Green can also tighten his slider into more of a cutter, giving him a workable starter’s arsenal.

Green has had some minor command issues that have led to seven walks in 14.2 innings thus far but he typically works with pace on the mound and gets ahead of hitters where he can use his breaking ball and changeup to rack up outs.

Green has struck out 15 batters on the season, showing his stuff has had no problem translating from the Division II ranks to Low-A. His 3.68 ERA in the early going suggests that as well.

Left-handed pitching has become a premium, especially for the Rockies, and Green’s early success deserves attention as he looks to climb the ranks.

Luke Taggart, RHP
2022 Stats: 11.1 IP, 0.00 ERA, 0.53 WHIP, 14 K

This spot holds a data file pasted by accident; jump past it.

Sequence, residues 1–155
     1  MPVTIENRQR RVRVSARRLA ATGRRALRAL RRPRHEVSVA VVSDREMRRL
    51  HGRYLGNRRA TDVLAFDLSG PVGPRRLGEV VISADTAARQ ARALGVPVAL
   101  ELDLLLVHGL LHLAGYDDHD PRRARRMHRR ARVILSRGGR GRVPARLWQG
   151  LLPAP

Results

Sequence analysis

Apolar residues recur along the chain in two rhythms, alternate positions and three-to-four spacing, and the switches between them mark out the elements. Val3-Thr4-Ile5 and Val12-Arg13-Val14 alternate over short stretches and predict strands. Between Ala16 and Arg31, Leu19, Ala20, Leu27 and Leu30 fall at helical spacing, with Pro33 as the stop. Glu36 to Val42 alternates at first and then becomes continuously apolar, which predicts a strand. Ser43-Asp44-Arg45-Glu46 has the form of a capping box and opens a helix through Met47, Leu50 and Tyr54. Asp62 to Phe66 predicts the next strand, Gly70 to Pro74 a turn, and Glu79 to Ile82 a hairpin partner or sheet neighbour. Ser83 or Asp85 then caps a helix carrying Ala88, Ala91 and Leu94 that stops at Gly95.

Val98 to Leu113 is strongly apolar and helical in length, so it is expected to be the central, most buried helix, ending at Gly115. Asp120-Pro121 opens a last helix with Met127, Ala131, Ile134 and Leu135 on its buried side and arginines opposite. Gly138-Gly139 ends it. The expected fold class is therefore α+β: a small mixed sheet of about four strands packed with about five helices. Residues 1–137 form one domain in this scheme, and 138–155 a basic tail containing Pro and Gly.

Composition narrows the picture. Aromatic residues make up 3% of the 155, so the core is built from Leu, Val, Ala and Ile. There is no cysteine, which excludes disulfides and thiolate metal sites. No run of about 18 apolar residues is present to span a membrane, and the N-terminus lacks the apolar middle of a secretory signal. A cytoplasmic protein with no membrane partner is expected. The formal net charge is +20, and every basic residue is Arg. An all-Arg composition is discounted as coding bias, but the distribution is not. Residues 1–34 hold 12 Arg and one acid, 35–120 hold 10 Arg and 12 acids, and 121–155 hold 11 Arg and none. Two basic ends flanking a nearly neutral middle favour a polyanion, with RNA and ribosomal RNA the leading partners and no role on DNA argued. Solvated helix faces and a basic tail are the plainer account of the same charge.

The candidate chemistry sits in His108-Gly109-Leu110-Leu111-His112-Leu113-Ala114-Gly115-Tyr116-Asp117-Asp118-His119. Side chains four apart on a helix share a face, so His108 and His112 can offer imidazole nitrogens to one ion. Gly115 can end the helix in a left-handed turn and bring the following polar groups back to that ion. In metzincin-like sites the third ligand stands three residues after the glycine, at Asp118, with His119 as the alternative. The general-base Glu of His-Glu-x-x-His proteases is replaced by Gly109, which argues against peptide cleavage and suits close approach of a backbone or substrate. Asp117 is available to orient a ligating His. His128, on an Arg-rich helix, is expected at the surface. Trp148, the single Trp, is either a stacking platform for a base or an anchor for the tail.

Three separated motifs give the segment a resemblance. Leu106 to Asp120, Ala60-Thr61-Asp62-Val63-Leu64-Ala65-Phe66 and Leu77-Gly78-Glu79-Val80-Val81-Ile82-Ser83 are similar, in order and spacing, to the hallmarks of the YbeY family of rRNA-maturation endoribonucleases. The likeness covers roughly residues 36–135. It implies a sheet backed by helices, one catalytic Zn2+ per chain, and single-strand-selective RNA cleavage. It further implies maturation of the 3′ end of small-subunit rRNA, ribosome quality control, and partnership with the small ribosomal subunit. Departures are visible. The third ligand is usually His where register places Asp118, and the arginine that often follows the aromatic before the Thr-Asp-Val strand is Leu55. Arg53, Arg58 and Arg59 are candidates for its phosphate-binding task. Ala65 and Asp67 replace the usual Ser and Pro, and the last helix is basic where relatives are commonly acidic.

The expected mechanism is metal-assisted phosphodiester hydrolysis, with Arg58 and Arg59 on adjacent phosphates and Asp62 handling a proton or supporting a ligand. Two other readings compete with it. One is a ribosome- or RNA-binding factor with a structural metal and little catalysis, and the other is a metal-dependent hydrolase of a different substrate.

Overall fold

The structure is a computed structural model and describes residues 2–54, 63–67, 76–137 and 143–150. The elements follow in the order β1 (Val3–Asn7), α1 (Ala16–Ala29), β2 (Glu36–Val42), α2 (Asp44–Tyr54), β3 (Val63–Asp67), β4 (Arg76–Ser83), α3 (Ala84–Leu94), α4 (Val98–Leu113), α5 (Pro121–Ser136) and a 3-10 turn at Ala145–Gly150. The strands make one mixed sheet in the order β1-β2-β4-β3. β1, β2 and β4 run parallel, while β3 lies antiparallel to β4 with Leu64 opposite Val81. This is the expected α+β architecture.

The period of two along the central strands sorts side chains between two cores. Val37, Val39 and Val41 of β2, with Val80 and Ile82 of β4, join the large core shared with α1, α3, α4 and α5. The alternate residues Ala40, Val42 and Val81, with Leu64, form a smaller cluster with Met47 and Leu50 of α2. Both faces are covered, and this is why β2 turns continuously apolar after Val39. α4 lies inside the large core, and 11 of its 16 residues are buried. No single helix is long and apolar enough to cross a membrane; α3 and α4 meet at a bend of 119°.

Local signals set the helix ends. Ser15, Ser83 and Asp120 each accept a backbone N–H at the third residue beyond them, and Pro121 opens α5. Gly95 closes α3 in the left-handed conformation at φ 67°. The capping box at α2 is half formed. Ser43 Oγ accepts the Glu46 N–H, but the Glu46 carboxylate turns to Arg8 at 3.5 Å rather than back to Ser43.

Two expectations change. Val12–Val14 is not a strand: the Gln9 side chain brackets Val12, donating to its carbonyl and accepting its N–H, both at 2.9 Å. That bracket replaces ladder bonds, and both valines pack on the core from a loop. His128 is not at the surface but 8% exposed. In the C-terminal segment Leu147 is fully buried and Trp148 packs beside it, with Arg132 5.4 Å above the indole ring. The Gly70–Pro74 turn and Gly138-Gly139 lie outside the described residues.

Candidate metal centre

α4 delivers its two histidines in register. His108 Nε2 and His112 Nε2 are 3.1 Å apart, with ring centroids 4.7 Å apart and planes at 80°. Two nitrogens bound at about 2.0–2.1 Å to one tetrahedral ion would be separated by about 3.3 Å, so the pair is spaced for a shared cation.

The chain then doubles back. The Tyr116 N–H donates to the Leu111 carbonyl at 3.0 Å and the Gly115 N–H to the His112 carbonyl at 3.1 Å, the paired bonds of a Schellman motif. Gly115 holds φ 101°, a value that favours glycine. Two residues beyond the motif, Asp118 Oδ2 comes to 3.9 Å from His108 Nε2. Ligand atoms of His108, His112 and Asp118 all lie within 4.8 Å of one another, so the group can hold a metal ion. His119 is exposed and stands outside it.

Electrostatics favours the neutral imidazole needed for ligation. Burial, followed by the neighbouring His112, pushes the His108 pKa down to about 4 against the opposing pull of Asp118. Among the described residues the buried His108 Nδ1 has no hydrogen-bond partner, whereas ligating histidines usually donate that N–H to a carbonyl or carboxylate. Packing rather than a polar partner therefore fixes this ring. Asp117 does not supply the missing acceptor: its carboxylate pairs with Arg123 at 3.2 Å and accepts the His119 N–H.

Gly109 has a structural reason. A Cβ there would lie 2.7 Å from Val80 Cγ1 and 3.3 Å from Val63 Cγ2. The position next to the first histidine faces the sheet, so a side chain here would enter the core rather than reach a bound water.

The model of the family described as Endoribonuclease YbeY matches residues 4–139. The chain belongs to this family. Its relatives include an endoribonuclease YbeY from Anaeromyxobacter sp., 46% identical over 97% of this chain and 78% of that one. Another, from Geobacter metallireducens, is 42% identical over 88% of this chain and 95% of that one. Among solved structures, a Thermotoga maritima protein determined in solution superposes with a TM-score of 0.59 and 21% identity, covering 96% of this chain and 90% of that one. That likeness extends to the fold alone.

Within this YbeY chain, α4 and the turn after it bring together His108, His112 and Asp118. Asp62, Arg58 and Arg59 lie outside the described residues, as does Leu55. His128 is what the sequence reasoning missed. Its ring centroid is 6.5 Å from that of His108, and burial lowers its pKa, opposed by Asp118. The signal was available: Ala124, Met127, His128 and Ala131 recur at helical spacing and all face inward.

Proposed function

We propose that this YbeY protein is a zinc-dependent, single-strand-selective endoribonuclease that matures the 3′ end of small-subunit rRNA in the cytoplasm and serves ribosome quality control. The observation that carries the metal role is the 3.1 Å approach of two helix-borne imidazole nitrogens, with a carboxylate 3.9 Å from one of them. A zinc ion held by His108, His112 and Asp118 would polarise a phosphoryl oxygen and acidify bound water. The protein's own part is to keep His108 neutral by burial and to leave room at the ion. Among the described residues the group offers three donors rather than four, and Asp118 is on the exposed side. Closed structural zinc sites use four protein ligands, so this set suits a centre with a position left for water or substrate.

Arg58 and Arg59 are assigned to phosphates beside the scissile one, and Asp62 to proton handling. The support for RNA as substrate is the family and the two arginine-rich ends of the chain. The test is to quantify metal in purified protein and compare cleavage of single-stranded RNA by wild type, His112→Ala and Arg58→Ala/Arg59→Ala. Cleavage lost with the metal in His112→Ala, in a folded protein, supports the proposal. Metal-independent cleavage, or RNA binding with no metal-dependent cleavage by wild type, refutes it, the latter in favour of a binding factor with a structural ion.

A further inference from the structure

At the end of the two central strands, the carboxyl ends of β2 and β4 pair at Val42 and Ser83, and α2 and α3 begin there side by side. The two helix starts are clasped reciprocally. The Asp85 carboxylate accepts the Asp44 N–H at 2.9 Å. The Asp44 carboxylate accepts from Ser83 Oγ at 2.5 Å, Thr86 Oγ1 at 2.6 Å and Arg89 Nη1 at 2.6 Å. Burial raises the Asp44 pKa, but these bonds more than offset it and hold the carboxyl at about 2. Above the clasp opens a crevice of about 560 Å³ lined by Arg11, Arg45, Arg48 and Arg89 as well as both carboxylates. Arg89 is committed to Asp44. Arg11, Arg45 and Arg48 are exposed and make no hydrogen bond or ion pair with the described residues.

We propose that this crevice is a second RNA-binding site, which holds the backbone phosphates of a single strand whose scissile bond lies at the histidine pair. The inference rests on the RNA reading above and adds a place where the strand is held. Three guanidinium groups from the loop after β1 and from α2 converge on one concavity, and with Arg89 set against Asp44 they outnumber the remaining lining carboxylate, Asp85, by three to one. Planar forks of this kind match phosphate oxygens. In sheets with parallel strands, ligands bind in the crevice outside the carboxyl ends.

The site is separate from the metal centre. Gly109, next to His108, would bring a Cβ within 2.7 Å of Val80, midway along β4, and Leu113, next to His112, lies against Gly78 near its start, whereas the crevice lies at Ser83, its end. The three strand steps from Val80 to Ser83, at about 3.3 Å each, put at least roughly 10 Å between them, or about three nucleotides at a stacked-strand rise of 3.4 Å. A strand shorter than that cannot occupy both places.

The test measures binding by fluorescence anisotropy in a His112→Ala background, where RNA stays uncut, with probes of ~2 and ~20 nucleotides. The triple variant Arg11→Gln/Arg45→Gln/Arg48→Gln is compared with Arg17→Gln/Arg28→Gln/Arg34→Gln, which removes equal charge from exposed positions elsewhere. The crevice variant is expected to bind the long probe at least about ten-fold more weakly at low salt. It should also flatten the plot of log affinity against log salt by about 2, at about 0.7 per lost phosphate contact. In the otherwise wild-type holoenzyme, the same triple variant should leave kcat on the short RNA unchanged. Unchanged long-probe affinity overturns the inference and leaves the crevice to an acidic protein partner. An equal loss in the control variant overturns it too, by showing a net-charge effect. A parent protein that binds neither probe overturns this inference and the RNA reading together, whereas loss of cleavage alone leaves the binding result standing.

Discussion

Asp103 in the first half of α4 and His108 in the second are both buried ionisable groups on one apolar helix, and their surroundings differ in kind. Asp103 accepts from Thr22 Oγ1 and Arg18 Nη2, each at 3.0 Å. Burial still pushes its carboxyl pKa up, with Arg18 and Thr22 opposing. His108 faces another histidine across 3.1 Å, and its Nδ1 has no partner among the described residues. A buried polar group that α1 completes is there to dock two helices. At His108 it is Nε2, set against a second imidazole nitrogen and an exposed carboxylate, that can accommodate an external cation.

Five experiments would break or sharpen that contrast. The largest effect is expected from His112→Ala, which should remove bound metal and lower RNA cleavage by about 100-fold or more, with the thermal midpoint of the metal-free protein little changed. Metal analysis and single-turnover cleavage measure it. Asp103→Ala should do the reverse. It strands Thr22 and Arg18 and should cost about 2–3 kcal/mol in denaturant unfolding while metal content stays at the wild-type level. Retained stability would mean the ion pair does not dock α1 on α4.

Taggart actually went undrafted out of the University of Oklahoma. Perhaps that put a chip on the righty’s shoulder as he’s sliced and diced his way through pro hitters so far.

Taggart was actually fast-tracked to High-A Spokane this year along with Joe Rock and outfielder Robby Martin (eighth-round pick), making his early-season performance that much more impressive.

In 11.1 innings, the late-inning reliever has yet to give up a run, has struck out 14, and has a WHIP of just 0.53.

What a find this is turning out to be for the Rockies as Taggart is already making his case to finish the season in Double-A.

Next. Where Colorado's top 10 prospects started the season. dark

The MiLB season is long and a lot will happen between now and September but, for now, these 5 names are ones to tuck in your back pocket and check up on throughout the year.